SCORE: (3/5 stars)
Responding to a distress call from the USS Constellation, the Enterprise finds itself in a solar system that’s been obliterated. Five of seven planets have been turned to rubble. The Constellation herself is adrift, completely wrecked, and only one survivor: Commodore Matt Decker. He is disheveled and half-crazed, wracked with guilt. You see, he beamed the crew down to the third planet because of the damage the ship had sustained from an enemy spacecraft, but this craft turned out to be one of the most powerful weapons in the galaxy: a planet killer. It’s a self-sustaining robotic ship with an indestructible neutronium hull and an antiproton core that eats matter by the yottagram.
Decker is beamed to the Enterprise to be treated in sickbay when the planet killer returns. When they attempt to beam back the boarding party of Kirk and Scotty, the killer fires on the Enterprise, disabling many systems including the transporter. The Enterprise has to flee to evade the machine, leaving Kirk and Scotty to fend for themselves on the disabled Constellation. After putting a safe distance between themselves and the weapon, it sets course for the Rigel system, inhabited by millions. Decker wants to mount an assault on the planet killer, but Spock doesn’t think they have the firepower for it and wants to get far enough away from it that their subspace radio works to alert the fleet. Decker, desperate for revenge, pulls rank and claims command of the Enterprise. A strafing run on the weapon proves fruitless as Spock knew it would, and a blast from the machine severely damages the ship.
Despite being towed into the gaping maw of the weapon, Decker refuses to veer off. Since this would be suicide, Spock argues that he’ll cite it as proof of instability and remove him from command, so he relents. But it’s too late; they cannot break from the tractor beam. Luckily, Kirk and Scotty have been diligent in repairs on the Constellation, and have impulse power and one phaser bank. A shot is enough to distract the planet killer, allowing the Enterprise to break off. The machine resumes its course for Rigel, The Enterprise has no impulse or warp for a day while repairs are made. Kirk hails the Enterprise, and when he learns what Decker’s done in command of the vessel, he orders Spock to relieve him of command.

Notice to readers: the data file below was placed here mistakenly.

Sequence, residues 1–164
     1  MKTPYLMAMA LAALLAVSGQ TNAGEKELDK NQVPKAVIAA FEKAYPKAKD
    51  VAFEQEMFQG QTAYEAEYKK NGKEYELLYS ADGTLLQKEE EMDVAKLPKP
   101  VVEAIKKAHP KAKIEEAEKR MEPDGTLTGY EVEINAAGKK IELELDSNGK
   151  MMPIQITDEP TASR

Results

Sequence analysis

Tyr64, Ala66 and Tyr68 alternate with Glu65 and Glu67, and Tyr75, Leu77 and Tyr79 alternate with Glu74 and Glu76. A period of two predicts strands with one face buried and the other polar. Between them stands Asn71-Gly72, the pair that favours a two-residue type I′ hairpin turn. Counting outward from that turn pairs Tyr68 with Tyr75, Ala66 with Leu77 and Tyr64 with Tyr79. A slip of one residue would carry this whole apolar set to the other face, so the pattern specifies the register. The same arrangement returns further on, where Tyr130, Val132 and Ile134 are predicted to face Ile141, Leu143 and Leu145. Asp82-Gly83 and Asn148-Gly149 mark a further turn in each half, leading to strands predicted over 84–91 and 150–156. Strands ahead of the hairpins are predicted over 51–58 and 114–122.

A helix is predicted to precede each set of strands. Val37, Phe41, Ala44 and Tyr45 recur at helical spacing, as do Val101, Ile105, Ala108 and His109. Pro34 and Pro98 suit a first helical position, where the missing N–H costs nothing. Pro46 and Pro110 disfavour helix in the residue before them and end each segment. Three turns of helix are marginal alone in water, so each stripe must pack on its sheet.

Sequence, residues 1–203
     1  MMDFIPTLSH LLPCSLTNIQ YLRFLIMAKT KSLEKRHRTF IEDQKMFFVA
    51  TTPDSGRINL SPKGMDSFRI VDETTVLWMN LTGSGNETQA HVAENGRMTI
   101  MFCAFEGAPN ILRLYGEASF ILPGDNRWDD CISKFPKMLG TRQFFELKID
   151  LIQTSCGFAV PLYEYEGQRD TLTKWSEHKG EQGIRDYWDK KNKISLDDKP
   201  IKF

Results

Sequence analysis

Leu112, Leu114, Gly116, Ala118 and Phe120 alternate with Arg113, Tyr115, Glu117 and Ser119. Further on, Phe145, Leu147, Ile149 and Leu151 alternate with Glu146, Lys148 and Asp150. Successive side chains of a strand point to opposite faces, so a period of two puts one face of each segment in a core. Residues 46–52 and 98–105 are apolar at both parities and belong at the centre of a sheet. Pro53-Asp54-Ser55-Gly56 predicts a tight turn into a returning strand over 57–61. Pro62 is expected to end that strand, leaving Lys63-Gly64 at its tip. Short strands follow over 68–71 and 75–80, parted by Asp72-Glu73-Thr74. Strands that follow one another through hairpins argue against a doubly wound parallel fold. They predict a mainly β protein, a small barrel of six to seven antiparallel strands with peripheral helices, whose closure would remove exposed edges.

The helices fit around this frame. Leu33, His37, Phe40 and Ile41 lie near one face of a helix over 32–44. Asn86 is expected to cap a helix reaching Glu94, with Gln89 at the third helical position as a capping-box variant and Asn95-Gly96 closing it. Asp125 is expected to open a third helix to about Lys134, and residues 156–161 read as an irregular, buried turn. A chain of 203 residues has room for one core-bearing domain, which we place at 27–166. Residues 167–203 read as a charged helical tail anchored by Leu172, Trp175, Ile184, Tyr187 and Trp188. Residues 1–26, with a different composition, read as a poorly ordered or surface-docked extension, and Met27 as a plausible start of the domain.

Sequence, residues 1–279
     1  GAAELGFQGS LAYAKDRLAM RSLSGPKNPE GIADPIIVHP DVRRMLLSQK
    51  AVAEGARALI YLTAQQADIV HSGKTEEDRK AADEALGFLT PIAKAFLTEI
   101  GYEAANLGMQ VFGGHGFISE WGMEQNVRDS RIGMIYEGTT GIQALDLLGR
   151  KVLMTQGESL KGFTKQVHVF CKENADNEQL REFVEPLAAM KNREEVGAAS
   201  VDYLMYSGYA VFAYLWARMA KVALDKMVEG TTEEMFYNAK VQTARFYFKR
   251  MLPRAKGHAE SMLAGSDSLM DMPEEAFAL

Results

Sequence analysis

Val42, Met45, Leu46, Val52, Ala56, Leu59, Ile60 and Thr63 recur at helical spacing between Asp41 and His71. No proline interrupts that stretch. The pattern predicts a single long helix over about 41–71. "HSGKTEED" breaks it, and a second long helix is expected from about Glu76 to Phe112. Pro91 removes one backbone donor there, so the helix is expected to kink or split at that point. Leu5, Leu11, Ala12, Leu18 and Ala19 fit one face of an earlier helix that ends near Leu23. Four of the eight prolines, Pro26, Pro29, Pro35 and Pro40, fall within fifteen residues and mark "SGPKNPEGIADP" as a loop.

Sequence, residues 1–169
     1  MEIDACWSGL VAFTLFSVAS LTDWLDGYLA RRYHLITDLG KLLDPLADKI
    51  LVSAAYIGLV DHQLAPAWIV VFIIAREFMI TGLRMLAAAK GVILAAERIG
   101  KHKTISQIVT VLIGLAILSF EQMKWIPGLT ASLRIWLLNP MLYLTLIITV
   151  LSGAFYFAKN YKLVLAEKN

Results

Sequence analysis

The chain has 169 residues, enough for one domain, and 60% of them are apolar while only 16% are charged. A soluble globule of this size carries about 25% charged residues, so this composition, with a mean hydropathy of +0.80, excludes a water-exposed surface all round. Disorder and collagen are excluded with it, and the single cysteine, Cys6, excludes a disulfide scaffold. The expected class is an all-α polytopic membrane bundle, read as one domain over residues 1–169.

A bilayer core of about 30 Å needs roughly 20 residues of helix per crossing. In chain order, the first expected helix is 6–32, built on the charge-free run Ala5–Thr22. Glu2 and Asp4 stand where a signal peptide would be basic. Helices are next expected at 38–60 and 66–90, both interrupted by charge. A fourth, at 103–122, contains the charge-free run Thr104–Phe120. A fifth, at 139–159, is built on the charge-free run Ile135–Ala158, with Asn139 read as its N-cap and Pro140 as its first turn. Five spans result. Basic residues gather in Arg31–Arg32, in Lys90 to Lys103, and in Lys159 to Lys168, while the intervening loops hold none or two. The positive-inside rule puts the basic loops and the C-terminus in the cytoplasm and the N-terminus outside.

Of course, they only send a redshirt to escort Decker away, and redshirts are notoriously vulnerable to double-fisted punching. Decker makes his way to the shuttle bay and steals one before they can close the bay doors. Crazed, looking for revenge, Decker flies the shuttle right into the mouth of the machine. Kirk mourns the loss of a friend and colleague who sacrificed himself for nothing, but maybe that’s not so! Spock determines that the power of the planet killer reduced slightly when the shuttle exploded inside it. A larger explosion may be enough to destroy the ship. May being the operative word here, Spock cannot be certain.
But certainty never stopped Kirk! He and Scotty rig the impulse engines on the Constellation for a timed detonation, planning to fly it straight in. Scotty beams out after rigging a switch to initiate the countdown, but the transporter shorts out before Kirk can do the same, and Scotty is forced to climb into the Jefferies tubes to do some fast repair work. Kirk is beamed out with seconds to spare as the Constellation goes in a fiery ball right in the belly of the beast. The plan worked and the galaxy is safe for another week.
The story is rather straightforward, not one of TOS’s usual morality plays but a fairly standard science fiction plot. Of note is the increased number of special effects shots. I will issue a disclaimer that I am watching the remastered version of the series, and I was quite impressed with the new CGI shots in the episode. While most remastered episodes tend to just recreate frame for frame the effects of the original broadcast, this one took a few more liberties with the action, but it was for the better, and it never strayed from the feel of the original series. If anything, the menace of the planet killer was enhanced from its old days as a painted paper-mache cone.
- Scotty begins to walk off the transport pad before he’s finished materializing. If I were him, and I am, I’d wait.
- After the Constellation explodes inside the planet killer, Spock notes that its G output is now zero. This is, of course, wrong, and massively so. Anything with mass has more than a zero G output, but even ignoring the negligible amount given off by say, a tennis ball, the indestructible hull of the machine was made of solid neutronium, the stuff neutron stars are made of, and it was at least a few miles long. The mass of the hull would be comparable to a small star.
- Kirk: Matt, where’s your crew?
Decker: On the third planet.
Kirk: There is no third planet.
Decker: Don’t you think I know that? There was, but not anymore!
- Kirk: Bones, did you ever hear of the doomsday machine?
McCoy: No. I’m a doctor, not a mechanic.
- Decker: I am assuming command of the Enterprise.
Spock: You have the right to do so, but I would advise against it.
Decker: That thing must be destroyed!
Spock: You tried to destroy it once before, Commodore. The result was a wrecked ship and a dead crew.
- Spock: Captain, you’re getting dangerously close to the planet killer.
Kirk: I intend to get a lot closer. I’m going to ram her right down that thing’s throat!